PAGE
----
Carnell Elementary School will remain closed this week as Philadelphia School District officials scramble to fix damaged asbestos in dozens of locations throughout the building.
The decision came after district personnel and officials with the Philadelphia Federation of Teachers spent several hours Monday walking through the Oxford Circle building. On the walk-through, they discovered new areas of damaged asbestos that will require attention, union officials said.
The school, on Devereaux Avenue, was closed on Dec. 20 when damage to asbestos-containing pipe insulation was flagged.
Carnell students will have missed eight school days if they return to class as planned Monday, Jan. 13, a date that depends on testing and inspection. Students can still come to the school building this week to pick up free breakfast and lunch between 8:30 a.m. and 1:30 p.m., district officials said in a news release.
Carnell is the sixth Philadelphia school that has been temporarily shut because of asbestos. A seventh building — an early childhood education center — was also closed because of “imminent hazards” from asbestos.
Jerry Roseman, the PFT’s environmental scientist, said the teachers’ union and the district were working on a plan to handle asbestos cleanup jobs going forward. That plan would, among other things, ensure that areas of damaged asbestos be identified and assessed in a uniform way; mandate the sharing of up-to-date information with the union; and focus on removing damaged asbestos instead of patching or containing it whenever possible.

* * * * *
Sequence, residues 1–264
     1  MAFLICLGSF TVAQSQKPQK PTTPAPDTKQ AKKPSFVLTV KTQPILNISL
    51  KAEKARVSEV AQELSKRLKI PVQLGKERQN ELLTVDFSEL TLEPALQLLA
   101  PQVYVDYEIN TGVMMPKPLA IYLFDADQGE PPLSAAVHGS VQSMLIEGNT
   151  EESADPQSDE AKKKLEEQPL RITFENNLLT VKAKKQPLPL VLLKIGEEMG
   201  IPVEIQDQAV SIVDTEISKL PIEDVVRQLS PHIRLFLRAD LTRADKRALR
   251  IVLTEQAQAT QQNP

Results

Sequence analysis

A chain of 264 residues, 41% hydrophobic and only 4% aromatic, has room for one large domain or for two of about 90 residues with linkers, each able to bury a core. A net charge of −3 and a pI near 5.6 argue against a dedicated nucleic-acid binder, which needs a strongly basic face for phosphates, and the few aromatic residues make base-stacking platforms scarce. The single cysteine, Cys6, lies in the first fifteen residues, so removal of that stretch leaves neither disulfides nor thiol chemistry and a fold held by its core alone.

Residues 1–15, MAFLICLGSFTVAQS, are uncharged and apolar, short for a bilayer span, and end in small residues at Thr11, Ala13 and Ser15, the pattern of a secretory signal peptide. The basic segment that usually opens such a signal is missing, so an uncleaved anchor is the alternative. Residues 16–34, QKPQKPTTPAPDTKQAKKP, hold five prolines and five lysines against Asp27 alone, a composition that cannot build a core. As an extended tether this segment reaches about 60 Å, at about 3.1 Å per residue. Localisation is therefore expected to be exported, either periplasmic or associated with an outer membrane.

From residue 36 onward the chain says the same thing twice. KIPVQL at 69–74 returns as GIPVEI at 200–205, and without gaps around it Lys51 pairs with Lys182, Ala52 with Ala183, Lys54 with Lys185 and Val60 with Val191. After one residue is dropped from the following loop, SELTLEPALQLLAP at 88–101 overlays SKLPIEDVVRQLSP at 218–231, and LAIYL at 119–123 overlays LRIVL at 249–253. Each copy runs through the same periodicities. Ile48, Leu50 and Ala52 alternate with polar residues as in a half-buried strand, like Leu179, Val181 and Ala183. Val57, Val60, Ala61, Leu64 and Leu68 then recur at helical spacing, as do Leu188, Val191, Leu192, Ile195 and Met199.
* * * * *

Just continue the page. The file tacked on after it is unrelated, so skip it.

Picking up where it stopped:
Roseman, who spent most of the day at Carnell, said he and district representatives found “another couple dozen areas” of damaged asbestos, most small but some more significant, that had not been noted anywhere else.
“We’re looking harder now, and we start to see more,” Roseman said, noting increased public awareness of the risks posed by asbestos.
Asbestos is present in roughly 175 of the district’s 200-plus buildings. Undamaged, it poses no health risks; disturbed, however, it can release tiny fibers that can cause cancer and other ailments if ingested.
The widespread presence of asbestos has been an ongoing headache for the district, particularly this school year, beginning with the announcement of a district teacher’s diagnosis with mesothelioma, the asbestos-linked cancer, then with the discovery of damaged asbestos at the building housing Benjamin Franklin High and Science Leadership Academy.